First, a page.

Challenges Accepted: What Are Yours?

Here are 10 real world scenarios I’ve encountered recently that require some serious know-how in order to set up a scheduling application. (Of course, the application itself must have the descriptive and solution capabilities to handle the complex scenarios.) Perhaps you can relate to something in this list.

  1. Some of my activities are a week long. Those must always start on a Monday.
  2. My presses run long jobs but the paper trays must be reloaded periodically. It takes an attendant about 10 minutes every hour to do this reload, but the presses should not be stopped while this is done.
  3. I want my umpires to be assigned to no more than six games per week.
  4. It’s best–but not mandatory–to assign each person to two activities per day.
  5. Each surgical specialty is assigned certain times during the week when they are granted privileges to use the hospital’s operating rooms. Each specialty must schedule cases into those times.
  6. Access to the laboratory’s microscopes is routinely granted to visiting scientists, but their visits must be separated by at least two weeks.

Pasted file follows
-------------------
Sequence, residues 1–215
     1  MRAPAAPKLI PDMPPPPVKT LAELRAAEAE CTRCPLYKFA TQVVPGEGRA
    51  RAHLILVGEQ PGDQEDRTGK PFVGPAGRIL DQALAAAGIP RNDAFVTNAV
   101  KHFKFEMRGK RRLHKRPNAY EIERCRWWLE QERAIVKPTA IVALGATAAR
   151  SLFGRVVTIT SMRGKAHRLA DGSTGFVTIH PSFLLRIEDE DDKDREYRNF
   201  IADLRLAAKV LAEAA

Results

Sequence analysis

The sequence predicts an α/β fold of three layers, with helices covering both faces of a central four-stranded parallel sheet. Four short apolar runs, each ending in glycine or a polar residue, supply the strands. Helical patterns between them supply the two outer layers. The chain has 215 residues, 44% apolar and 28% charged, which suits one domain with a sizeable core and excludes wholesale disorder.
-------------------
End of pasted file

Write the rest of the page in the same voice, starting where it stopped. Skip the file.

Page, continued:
7. There are multiple set-ups for manufacturing this pharmaceutical product, but only certain combinations of equipment are approved by the FDA.
  8. If a certain person is chosen to start a repair project, it is desirable–but not mandatory–that the same person perform the rest of the tasks on the project.
  9. Several different skill levels can perform this task. It’s desirable–but not essential–to use the lowest skill level qualified for the work.
  10. A staff person must support every task. Some tasks can share a staff person with other tasks, but some require the staff person to be dedicated.

Do you identify with any of these? Are your scheduling challenges similar? Does your scheduling application accommodate your real world situation, or do you resort to manual overrides, white boards with a lot of erasing and sticky notes? If so, it’s time to reconsider your approach, don’t you think?